JEP proposal: Improved variance for generic classes and interfaces

Dan Smith daniel.smith at
Tue Oct 28 05:44:42 UTC 2014

> On Oct 27, 2014, at 6:19 PM, elias vasylenko <eliasvasylenko at> wrote:
> There are still problems, since of course suddenly allowing contravariant overrides in one specific scenario creates situations which behave inconsistently with people's current expectations e.g.:
>     class Foo implements Predicate<Integer> {
>         public boolean test(Integer value) {return false;}
>     }
>     class Bar extends Foo implements Predicate<Number> {
>         public boolean test(Number value) {return true;}
>     }
>     foo.test((Integer) i); // returns true instead of false when invoked on an instance of Foo!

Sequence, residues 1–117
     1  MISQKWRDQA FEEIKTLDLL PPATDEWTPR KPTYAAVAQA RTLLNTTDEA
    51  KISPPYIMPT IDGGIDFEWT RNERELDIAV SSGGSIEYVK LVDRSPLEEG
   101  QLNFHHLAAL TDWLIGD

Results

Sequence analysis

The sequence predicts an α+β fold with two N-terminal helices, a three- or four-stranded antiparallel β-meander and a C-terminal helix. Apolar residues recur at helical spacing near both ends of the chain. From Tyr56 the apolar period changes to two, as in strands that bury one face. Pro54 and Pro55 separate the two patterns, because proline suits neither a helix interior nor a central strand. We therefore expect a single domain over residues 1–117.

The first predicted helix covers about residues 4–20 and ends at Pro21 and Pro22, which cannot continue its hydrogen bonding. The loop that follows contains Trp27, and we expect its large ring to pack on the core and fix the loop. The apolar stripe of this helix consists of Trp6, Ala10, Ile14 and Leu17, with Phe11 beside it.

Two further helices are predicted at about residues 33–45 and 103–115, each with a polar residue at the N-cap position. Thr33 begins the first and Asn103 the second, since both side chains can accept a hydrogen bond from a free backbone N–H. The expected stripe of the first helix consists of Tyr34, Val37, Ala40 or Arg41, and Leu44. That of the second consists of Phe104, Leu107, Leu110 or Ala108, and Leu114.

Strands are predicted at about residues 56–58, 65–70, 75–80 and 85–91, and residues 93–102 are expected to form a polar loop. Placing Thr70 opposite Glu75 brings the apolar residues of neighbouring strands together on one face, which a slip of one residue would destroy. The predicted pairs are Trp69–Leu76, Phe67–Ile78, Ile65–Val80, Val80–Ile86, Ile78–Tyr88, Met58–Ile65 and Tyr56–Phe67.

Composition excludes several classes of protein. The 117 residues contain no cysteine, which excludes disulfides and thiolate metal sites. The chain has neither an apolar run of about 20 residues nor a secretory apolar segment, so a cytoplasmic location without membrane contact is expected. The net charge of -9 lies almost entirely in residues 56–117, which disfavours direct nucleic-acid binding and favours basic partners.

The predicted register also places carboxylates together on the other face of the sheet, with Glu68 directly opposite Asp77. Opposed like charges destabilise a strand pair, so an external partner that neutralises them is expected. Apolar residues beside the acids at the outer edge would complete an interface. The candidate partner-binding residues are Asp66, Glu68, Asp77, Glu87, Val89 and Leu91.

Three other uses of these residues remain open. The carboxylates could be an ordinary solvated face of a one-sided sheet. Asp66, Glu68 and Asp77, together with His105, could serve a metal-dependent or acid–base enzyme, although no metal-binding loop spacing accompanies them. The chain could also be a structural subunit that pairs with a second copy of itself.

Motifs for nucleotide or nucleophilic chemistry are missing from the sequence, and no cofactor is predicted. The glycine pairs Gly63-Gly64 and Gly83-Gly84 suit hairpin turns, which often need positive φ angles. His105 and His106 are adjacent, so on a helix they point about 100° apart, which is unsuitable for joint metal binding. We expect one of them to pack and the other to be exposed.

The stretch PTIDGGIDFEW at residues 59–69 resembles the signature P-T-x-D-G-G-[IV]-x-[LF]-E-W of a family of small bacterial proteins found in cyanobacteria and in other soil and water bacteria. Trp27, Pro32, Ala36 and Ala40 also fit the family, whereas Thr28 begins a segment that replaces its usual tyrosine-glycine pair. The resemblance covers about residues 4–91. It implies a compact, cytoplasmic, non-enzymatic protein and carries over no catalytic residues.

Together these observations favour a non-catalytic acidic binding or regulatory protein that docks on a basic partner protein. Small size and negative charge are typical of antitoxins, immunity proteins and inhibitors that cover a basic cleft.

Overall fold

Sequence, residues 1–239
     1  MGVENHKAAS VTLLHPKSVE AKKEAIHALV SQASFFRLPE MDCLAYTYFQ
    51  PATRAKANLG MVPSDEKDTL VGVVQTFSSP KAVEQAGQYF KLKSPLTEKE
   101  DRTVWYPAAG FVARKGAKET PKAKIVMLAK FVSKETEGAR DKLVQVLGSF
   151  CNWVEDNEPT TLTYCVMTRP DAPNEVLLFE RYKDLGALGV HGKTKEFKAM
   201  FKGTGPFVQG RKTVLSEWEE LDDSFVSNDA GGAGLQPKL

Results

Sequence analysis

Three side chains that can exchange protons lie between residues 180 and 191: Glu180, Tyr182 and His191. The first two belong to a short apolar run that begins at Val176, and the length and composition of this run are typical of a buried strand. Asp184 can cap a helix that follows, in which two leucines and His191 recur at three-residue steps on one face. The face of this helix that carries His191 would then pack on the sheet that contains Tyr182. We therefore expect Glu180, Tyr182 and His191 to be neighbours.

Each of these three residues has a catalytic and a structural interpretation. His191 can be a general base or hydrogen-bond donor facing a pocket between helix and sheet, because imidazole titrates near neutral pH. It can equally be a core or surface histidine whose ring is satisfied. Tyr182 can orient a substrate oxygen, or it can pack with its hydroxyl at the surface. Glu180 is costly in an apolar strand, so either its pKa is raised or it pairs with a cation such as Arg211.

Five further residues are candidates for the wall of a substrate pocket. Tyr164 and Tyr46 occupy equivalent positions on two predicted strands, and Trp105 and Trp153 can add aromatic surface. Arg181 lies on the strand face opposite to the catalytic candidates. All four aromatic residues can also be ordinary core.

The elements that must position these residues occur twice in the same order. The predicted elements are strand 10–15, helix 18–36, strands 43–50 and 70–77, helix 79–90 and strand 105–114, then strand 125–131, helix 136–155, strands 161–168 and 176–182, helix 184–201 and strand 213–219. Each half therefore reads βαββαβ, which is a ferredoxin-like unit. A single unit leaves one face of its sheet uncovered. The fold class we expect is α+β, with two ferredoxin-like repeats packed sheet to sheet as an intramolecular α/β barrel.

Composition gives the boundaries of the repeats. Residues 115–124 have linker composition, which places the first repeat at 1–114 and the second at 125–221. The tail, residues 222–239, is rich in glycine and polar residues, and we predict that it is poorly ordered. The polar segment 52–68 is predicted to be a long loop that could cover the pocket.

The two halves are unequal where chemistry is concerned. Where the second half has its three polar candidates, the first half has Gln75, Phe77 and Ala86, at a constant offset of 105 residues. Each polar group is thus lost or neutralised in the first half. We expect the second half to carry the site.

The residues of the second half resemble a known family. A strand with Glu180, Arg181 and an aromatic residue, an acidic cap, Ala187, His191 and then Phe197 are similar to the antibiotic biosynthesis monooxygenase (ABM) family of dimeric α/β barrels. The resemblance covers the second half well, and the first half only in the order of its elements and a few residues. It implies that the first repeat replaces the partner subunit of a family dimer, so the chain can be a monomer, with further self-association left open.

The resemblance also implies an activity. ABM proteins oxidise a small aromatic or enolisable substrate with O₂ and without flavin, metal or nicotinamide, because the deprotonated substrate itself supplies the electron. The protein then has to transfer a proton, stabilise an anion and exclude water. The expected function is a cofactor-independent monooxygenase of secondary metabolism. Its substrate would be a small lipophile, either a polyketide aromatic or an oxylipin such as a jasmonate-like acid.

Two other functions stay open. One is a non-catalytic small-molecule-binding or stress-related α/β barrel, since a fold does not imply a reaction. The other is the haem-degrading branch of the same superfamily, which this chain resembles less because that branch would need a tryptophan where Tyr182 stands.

I don't see what's wrong with just claiming Bar.test overrides Foo.test.  It would take some work to sort out the details of such a rule, but that seems to me like the clear explanation of what's "really" going on in this program.

If the programmer is upset because they really want two unrelated methods, I'm not sympathetic because the program would be malformed anyway -- a class can't have two unrelated methods that both override the same supertype method (this is enforced by, and makes sense because what would you expect when you called 'test(Object)'?).


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